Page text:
* pin
*/
float getVoltage(int pin){
//converting from a 0 to 1023 digital range
// to 0 to 5 volts (each 1 reading equals ~ 5 mV)
}

Step 6: How to Use the Display

Once you've included the library:
#include "Myfont.h"

You need to initialise the display in the Setup section:
void setup()
{
LedSign::Init();
}

and Draw the relevant digit in the Loop section:

Myfont::Draw(x_pos, 'a');                 // Send a character to the LOL shield

where x_pos is an int holding the x position where you want the number to be display (zero is the left hand edge).

In the final code you will need to convert the temperature reading (a float). To a char so that it can be displayed on the LOL shield using the Draw command.

To do this we use ltoa in C as follows:

temperature = (temperature - .5) * 100;        // Convert to Temperature (a float)

ltoa(long(temperature), buffer, 10);            // buffer is a 12 location char i.e.
char buffer[12];
for (int i=0; i<2; i++) {                                   // Iterate through the buffer for 2 characters
Myfont::Draw(1 + i*6,buffer[i]);                 // Send each character to the LOL shield
}

Notice the x position is:
1 + i*6
this means the first character (i=0) is at x position 1
and their spaced 6 apart (e.g. i=1, x position = 1 + 6 = 7

Also notice the buffer for ltoa() is 12 long. This is a detail related to the length of long in C and allocation of sufficient memory.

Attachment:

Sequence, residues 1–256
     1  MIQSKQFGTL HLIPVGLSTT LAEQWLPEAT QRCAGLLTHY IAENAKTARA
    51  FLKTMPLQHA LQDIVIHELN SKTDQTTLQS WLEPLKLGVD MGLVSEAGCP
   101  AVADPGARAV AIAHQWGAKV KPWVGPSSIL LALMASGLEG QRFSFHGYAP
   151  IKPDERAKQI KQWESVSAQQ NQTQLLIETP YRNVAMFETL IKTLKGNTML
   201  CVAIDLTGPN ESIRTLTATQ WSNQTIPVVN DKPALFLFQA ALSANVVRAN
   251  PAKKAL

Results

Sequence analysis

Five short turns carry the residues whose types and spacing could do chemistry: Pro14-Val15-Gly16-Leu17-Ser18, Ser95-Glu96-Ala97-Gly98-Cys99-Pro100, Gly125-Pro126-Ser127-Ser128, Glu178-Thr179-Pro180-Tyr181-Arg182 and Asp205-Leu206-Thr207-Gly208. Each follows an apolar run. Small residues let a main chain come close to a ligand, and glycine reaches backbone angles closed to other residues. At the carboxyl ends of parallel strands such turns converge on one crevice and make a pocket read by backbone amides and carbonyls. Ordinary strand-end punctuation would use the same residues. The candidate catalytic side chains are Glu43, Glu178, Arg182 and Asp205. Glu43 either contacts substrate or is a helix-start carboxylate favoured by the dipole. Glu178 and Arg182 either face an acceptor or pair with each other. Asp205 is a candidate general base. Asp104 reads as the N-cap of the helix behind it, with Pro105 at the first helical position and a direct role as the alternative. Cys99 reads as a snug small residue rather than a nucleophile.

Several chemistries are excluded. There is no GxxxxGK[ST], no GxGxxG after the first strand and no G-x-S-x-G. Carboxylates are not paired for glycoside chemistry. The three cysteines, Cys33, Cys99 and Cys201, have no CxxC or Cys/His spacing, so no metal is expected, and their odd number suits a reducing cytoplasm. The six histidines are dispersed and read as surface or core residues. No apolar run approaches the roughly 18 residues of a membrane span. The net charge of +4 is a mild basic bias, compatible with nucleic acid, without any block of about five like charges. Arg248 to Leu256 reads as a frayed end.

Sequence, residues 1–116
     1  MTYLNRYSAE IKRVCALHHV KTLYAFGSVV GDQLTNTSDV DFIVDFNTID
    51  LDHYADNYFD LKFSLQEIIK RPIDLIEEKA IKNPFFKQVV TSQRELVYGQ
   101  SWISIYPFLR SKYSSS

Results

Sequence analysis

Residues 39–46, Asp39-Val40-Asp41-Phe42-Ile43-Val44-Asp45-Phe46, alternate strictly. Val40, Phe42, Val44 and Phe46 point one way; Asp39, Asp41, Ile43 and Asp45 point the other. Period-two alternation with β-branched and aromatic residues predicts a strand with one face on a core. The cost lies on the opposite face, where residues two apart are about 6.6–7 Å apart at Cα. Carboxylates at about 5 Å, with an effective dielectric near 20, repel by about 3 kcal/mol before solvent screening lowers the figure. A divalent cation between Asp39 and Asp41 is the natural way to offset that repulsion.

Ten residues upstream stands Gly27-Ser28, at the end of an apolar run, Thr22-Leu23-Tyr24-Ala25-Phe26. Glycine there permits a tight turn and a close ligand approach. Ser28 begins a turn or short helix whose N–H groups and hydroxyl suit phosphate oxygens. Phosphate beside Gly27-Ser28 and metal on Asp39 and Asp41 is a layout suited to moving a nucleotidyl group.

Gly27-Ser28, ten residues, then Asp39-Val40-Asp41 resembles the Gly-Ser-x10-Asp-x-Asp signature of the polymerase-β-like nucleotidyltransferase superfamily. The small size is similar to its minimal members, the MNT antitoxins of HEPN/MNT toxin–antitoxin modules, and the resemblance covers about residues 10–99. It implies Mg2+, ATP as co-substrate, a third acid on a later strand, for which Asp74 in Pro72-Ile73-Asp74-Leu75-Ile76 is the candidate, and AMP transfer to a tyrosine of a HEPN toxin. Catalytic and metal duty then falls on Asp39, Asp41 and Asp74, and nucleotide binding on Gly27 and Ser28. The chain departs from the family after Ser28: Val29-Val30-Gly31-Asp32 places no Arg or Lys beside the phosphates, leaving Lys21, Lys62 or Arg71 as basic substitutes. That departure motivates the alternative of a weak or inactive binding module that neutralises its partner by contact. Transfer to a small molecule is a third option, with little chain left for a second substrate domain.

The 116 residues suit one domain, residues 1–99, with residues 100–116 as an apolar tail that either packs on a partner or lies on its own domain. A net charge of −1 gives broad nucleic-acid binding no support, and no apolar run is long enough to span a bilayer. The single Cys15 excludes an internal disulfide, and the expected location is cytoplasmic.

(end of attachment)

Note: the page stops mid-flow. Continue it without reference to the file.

Step 7: Here's the Full Code

/*
* Displays Temperature from TMP36 numerically on an LOL shield
* Adapted from (and for more details on this circuit): http://tinyurl.com/c89tvd
*/

#include "Charliplexing.h"
#include "Myfont.h"

//TMP36 Pin Variables
int temperaturePin = 0; //the analog pin the TMP36's Vout (sense) pin is connected to
//the resolution is 10 mV / degree centigrade
//(500 mV offset) i.e. 0 degrees = 500mV

char buffer[12];

void setup()
{
LedSign::Init();
Serial.begin(9600);
//Start the serial connection with the computer
}

void loop()
// run over and over again
{
float temperature = getVoltage(temperaturePin);
// Get the Voltage reading from the temperature sensor
temperature = (temperature - .5) * 100;                 // Convert to Temperature

Serial.println(temperature);                                  // printing the result for debug
ltoa(long(temperature), buffer, 10);
for (int i=0; i<2; i++) {                                           //
Iterate through the buffer
Myfont::Draw(1+i*6,buffer[i]);                         // Sending each character to the LOL shield
}
delay(1000);
// wait a second
LedSign::Clear();                                              // Clear the display
}

/*
* getVoltage() - returns the voltage on the analog input defined by
* pin
*/
float getVoltage(int pin){
//converting from a 0 to 1023 digital range
// to 0 to 5 volts (each 1 reading equals ~ 5 mV)
}

Step 8: Enjoy

Why not make it better by
: making the digits scroll e.g. Myfont::Banner();

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Discussions

Nice project :)
Just curious, are there any resistors in the lol shield for LED-s?